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  Aguni
IJN
Ukuru-class Escort Ship

940 Tons
78.8m x 9m x 3m
3 x 120mm guns
6 x 25mm AA guns
Depth Charges

Click For Enlargement
Ushio Shobo 1947
Ship History
Built by Nihon Kokan at Tsurumi. Laid down February 15, 1944. Launched September 21, 1944 delivered to the Imperial Japanese Navy (IJN) as Aguni. Completed December 2, 1944 and assigned to the Kure Naval District, Kure Guard Unit at Tsurumi with LtCdr Toshio Higai as commander.

Wartime History
On January 17, 1945 assigned to General Escort Command’s First Surface Escort Division. On January 21, 1945 at noon arrives Tokuyama.

PARTIAL HISTORY

On May 27, 1945 Aguni off the southern coast Korea and targeted by a Bat bomb released by PB4Y-2 Privateer piloted by Lt.Cdr. George L. Hicks and Lt. Leo E. Kennedy from Patrol Bombing Squadron 109 (VPB-109) release a Bat bomb (Special Weapons Ordnance Devices SWOD Mark 9, Mod 0) against an enemy vessel as claimed to be a "Destroyer of Large DH" and claimed it as sunk. In fact, the bat bomb hit on the bow above water line causing heavy damage to the forward deck area and resulted in 2 officers KIA, 32 enlisted KIA and 1 seriously wounded. Although heavily damaged, Aguni managed to reach Pusan under steaming stern first under her own power.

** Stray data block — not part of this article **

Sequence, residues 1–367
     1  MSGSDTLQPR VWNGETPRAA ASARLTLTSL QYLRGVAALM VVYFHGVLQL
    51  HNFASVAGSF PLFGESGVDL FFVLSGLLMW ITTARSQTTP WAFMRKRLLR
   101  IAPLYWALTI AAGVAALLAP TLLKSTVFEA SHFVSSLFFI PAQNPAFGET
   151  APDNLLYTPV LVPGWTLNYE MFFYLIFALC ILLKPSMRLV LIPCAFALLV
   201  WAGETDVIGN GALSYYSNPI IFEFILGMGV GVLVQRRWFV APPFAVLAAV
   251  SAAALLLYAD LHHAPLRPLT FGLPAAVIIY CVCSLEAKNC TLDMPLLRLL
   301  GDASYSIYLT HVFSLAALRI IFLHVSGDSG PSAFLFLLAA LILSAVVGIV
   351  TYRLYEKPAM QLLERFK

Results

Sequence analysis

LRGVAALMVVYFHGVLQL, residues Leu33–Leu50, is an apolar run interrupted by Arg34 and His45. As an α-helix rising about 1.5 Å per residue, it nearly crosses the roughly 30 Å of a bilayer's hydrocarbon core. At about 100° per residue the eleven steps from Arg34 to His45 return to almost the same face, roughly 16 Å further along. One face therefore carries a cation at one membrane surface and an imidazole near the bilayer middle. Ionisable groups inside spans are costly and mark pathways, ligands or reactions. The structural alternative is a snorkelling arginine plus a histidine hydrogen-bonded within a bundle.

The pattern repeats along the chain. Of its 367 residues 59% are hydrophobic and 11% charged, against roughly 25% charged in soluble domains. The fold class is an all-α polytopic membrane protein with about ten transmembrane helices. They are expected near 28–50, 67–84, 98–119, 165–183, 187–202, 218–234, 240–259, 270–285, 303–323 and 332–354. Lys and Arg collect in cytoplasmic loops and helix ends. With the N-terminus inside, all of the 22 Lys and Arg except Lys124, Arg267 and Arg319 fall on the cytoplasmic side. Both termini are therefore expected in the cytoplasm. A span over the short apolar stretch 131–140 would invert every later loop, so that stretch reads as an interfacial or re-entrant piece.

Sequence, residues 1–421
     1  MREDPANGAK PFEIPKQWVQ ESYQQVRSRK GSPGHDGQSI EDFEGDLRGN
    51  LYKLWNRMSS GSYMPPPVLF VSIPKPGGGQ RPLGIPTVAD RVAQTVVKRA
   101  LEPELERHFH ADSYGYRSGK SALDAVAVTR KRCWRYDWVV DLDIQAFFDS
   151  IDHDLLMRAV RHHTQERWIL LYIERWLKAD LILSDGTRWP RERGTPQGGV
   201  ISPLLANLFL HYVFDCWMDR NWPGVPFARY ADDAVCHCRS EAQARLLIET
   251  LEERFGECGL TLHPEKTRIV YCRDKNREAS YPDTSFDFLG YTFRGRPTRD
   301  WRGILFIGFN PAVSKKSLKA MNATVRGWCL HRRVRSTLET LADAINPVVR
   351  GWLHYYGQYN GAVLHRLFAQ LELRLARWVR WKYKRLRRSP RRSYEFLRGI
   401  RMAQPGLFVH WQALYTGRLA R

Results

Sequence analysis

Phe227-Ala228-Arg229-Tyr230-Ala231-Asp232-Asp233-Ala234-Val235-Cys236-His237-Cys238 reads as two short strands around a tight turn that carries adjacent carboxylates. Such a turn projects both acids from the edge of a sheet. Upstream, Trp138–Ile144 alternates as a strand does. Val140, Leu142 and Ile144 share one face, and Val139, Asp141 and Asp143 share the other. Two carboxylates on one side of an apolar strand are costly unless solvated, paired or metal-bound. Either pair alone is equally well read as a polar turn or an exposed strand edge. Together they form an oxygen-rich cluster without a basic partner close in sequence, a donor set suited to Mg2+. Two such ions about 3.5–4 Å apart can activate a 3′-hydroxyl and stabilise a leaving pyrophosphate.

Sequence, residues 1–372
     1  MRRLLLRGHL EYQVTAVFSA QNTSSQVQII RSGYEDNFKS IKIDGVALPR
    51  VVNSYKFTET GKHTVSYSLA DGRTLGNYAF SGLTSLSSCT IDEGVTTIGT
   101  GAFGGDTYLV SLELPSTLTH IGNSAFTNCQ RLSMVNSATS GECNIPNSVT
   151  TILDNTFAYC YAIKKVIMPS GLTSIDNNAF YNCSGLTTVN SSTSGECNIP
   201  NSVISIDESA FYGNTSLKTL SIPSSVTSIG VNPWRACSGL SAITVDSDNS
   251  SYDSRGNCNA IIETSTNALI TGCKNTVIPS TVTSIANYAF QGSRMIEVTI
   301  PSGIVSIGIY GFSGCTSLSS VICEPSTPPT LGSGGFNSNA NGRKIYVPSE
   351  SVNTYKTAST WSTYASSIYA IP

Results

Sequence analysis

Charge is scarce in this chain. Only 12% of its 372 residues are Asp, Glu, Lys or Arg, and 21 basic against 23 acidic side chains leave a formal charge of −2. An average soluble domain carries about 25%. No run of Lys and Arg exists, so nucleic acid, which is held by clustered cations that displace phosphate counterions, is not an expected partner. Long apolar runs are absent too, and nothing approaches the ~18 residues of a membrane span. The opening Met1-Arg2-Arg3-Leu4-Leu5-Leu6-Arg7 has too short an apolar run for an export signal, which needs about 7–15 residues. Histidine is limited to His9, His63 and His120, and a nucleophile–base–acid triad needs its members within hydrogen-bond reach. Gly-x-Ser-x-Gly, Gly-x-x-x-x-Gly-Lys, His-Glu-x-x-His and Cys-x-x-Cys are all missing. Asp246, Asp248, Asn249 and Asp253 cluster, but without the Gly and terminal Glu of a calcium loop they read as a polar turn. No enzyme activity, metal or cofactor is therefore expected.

During June 1945 until the end of the Pacific War, Aguni was under repair at Chosen Heavy Industries at Pusan. On November 30, 1945 officially removed from the Navy List.

Fate
By March 1, 1947 anchored with other Escort Ships at Maizuru. On May 20, 1948 scrapped by Iino Kaiun K. K at Maizuru

References
Combined Fleet - IJN Escort Aguni: Tabular Record of Movement
Patrol Bombing Squadron 109 (VPB-109) War Diary, May 1945, page 13
(Page 13) “[May 27, 1945] traveled true, hitting destroyer directly on the bow above water line. The explosion blew off the bow back to the turret. Both planes circled at 5,000 feet altitude at 6 to 7 miles distant before AA from the undamaged DD was received, forcing withdrawal. As soon as the AT detonated, the undamaged destroyer originally a mile away, proceeded to a position 100 yards from the sinking destroyer, then turned broadside to the planes (both destroyers had initially turned bow to the planes’ attack) to fire. Firing started as the last window settled to the water.”
Aguni (4-電報-33) page 798 via Minoru Kamada
Battle History of Japanese Kaibokan Frigates (1994) by Jiro Kimata
Thanks to Jim Sawruk and Minoru Kamada for additional information

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Last Updated
May 26, 2020

 

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